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Assurance in the Digital Age

IAASB Chair Tom Seidenstein and IAASB Fellow Danielle Davies
Jul 1, 2022 | English

The fourth industrial revolution is reshaping the world we live and work in. This revolution presents significant opportunities for audit and assurance. The ever-growing availability of data combined with emerging technologies offer new ways for assurance professionals to enhance trust and confidence in their work.

For the audit and broader assurance profession, the emergence of new digital tools represents a real opportunity to attract a new generation of professionals to this noble profession. 

In some ways, the accounting and auditing world is catching up to the digital transformation that many industries have already experienced. Retail, hospitality, transport, entertainment, energy and many, many more have undergone disruption via new entrants and completely improved customer experience. In fact, it’s harder to think of an industry that hasn’t been disrupted by technology than one that has. If an industry hasn’t been disrupted yet, it’s only a matter of time.    

At the International Auditing and Assurance Standards Board (IAASB), we are determined to ensure that our standard-setting keeps pace and is prepared to adapt to disruptive technologies. We do so without losing our focus on setting high quality standards that strengthen public confidence in audits and assurance.

Technology is one of IAASB’s most relevant strategic drivers influencing our standards and future activities. Our technology initiative has three objectives:

  1. Build processes and structures to support the IAASB’s disruption initiative;
  2. Maintain and improve the IAASB’s knowledge about disruption trends and their implications for standard-setting and the public interest; and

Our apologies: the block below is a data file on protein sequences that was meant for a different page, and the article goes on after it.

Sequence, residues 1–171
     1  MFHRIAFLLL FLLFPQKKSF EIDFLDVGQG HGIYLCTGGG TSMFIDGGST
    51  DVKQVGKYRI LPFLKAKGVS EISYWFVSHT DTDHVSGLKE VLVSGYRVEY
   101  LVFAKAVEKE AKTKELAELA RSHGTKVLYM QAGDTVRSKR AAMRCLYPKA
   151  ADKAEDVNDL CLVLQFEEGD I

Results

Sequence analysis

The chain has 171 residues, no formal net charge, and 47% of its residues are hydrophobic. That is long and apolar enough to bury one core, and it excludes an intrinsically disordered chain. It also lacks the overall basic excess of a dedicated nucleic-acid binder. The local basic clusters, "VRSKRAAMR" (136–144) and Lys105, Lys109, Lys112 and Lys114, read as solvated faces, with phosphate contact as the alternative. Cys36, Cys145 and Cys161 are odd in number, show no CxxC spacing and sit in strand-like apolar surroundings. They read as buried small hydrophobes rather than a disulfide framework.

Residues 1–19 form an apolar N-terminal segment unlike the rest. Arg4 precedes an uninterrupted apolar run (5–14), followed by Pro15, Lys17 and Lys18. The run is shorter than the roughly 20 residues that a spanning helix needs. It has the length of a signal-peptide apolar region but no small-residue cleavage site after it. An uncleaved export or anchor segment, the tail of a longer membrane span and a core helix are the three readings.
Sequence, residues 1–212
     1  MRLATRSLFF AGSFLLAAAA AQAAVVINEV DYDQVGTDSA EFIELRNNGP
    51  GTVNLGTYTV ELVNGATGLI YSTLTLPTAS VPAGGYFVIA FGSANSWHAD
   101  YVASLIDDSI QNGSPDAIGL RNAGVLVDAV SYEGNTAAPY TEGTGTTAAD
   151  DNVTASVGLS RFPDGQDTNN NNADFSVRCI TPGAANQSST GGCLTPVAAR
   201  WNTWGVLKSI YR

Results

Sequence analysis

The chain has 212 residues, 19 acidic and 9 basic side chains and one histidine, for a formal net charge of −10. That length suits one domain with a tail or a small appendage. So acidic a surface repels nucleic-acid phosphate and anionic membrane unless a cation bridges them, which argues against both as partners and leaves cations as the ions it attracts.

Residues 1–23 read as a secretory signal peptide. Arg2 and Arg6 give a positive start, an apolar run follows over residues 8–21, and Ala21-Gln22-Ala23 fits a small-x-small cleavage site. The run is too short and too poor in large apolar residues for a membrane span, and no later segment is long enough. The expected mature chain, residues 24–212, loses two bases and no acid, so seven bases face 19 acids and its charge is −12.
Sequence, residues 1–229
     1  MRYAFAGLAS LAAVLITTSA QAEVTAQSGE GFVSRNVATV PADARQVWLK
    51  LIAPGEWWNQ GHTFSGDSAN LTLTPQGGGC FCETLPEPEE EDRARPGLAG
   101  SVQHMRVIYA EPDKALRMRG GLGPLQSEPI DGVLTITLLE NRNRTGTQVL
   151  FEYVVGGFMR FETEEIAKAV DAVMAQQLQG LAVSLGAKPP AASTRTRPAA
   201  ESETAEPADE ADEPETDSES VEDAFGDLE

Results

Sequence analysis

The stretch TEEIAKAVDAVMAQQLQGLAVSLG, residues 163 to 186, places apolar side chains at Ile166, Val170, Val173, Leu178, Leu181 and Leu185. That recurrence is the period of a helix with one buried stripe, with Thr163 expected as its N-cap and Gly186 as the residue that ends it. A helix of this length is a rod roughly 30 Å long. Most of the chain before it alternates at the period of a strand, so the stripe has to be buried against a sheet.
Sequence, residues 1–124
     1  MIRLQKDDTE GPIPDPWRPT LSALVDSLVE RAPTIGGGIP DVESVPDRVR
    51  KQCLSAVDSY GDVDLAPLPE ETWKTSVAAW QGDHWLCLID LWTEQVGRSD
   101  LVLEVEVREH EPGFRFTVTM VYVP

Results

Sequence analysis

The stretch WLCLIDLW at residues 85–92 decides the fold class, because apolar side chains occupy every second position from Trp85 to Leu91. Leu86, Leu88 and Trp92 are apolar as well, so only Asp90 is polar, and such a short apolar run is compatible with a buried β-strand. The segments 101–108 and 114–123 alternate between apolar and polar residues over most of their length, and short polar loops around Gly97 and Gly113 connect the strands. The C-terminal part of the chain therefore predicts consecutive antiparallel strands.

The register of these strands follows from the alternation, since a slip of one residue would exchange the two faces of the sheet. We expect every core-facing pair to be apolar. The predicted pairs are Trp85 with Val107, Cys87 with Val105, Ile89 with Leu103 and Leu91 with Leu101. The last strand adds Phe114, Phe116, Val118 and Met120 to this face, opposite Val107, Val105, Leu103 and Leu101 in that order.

3. Share knowledge and agenda with stakeholders in the reporting community to improve audit and assurance quality and thereby improve reporting quality.

Staying close to new technological developments is key to understanding what’s coming and in 2020 we carried out a research study with support from Founders Intelligence, a leading technology consultancy, to identify the leading disruptive technologies that could impact audit and assurance.

This research included investigating over 100 technology innovator companies and interviewing over 20 organizations across the industry including audit and assurance practitioners, national standard setters, regulators, and professional accounting organizations as well as founders and management of technology startups. We sought to categorize the various technologies we identified into those impacting the way information is accessed, verified, and protected as well as those that impact procedures related to assessing internal controls. We obtained insights into the expected timing of widescale adoption of these technologies within audit and assurance as well as gaining an understanding of their potential impact on the profession.

Based on the research undertaken, we identified four common themes about how technology is, and will continue to, disrupt the audit and assurance profession:

  • Audits and assurance procedures performed on a more continuous and real time basis. 
  • An audit or assurance engagement that is increasingly analytics based, including making use of artificial intelligence and machine learning in performing analytics.